Ra­dio jock Tsheko Mos­ito is slowly in­tro­duc­ing the mar­ket to bowls and sim­ple eat­ing, in Kokonati co­conut bowls, writes Lutho Pasiya

Saturday Star - - EATING IN & OUT -

FOOOD bowls are hav­ing an ex­tended mo­ment in the culi­nary trend spot­light and it’s easy to see why. They al­low peo­ple to show their cre­ativ­ity and if you pe­ruse In­sta­gram, you will see thou­sands of posts of food served in bowls.

The thing about bowls is that there’s a big health move­ment around them, be­cause they pro­vide a nu­tri­tious balance of grains, veg­eta­bles and pro­tein.

Th­ese bowls al­low for food to look good, as well as be nu­tri­tious and, most times, re­ally de­li­cious.

So it makes sense that Tsheko Mos­ito would cre­ate a brand like Kokonati bowls – there’s a de­mand for it.

The 33-year-old from Diep­kloof in Soweto said the main aim be­hind the cre­ation of the Kokonati bowls is that in­creas­ing num­bers of South Africans were join­ing the global move­ment to sim­plify their lives, live more eth­i­cally and in line with daily prac­tices that sup­port and con­sider the en­vi­ron­ment.

Re­cy­cling, plant-based eat­ing and the pur­chase of eco-friendly prod­uct brands is where the world is at.

One thing is al­most cer­tain, though – the move to a more ecofriendly life­style is often best started in your own kitchen.

“When I dis­cov­ered the var­i­ous ben­e­fits of a plant-based diet for my­self, I be­gan pay­ing more at­ten­tion. I de­vel­oped a keen in­ter­est in a sim­ple yet abun­dant life­style.

“As I was do­ing re­search on health-re­lated top­ics, I dis­cov­ered that vil­lages in coun­tries like In­done­sia have been us­ing co­conut shells as food bowls for thou­sands of years and this in­spired the cre­ation of the brand,” she said.

“The hum­ble co­conut, as we know it, has be­come quite a thing in mod­ern-day liv­ing and is a thriv­ing in­dus­try world­wide. Think co­conut oil, co­conut flakes, co­conut cream and co­conut milk.

“The co­conut shell, how­ever, has been over­looked un­til re­cent times. Mil­lions of co­conut shells are dis­carded every month, burned or dumped in land­fills.

“With a shell that is al­ready per­fectly shaped like a bowl, it only made sense that it be cleaned up and turned into a beau­ti­fully re­fined, eco-friendly co­conut bowl that can be used daily to serve all your de­li­cious meals,” she said.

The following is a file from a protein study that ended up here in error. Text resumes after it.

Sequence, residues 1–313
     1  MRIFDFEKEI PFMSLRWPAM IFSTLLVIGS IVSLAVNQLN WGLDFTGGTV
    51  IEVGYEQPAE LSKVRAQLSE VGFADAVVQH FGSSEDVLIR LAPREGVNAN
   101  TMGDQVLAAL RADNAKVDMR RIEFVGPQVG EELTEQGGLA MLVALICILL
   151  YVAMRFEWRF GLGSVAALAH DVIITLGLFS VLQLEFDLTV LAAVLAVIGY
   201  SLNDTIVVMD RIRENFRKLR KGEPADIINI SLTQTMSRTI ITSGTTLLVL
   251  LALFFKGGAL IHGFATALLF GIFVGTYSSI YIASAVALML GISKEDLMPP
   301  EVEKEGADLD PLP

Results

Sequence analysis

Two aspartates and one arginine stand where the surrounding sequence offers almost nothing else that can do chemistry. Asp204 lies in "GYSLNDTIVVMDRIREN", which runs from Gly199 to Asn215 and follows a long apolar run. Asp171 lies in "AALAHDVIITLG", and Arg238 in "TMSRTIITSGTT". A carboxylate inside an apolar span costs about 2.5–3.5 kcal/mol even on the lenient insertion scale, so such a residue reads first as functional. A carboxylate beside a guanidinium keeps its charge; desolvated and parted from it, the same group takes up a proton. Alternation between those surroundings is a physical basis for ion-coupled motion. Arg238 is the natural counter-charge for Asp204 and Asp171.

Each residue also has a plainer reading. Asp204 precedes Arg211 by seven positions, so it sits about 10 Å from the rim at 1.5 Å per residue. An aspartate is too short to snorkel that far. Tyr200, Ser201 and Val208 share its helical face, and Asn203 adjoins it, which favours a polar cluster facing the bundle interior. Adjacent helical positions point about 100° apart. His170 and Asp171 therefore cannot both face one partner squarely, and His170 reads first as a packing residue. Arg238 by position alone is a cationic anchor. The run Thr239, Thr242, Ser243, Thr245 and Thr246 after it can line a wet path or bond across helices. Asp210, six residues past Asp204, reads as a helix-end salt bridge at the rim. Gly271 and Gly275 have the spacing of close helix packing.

Mos­ito be­lieves a happy, healthy and full life is ev­ery­one’s right. She hopes that the brand can get that mes­sage across and broaden the idea of what it means to be happy with the sim­plest of things like sim­ple meals.

“Our bowls are hand­made from re­claimed co­conut shells and fin­ished with a gen­er­ous coat­ing of co­conut oil. Each Kokonati co­conut bowl has unique­ness to it and no two bowls are the same.

“The shape, pat­tern, and mark­ings are what makes each bowl so spe­cial. The world needs al­ter­na­tives to plas­tic ware and that is the prob­lem we are try­ing to solve.

“Our bowls are also free from chem­i­cals and are eth­i­cally har­vested.

“They are very safe for food and great for break­fast ce­re­als, smoothie bowls, pasta, soups, desserts and other de­li­cious recipes.”

She said Kokonati bowls are not only fun, they are also eco-friendly, re­us­able, durable, en­cour­age healthy eat­ing and are per­fect for the whole fam­ily.

“The plan is to share more of this abun­dance on our so­cial me­dia pages to in­spire our friends and fol­low­ers and ul­ti­mately we would love to com­pile a Kokonati recipe book filled with glo­ri­ous, sim­ple plant-based recipes,” said Mos­ito.

De­liv­er­ies are all over the con­ti­nent of Africa and world­wide. ● To make or­ders, you can sim­ply e-mail kokonati.africa@gmail.com

TRENDY: Kokonati bowls are eco-friendly, re­us­able, durable and en­cour­age healthy eat­ing.


TASTY: Rose­mary and turmeric chicken thigh with a side of roast veg­eta­bles.

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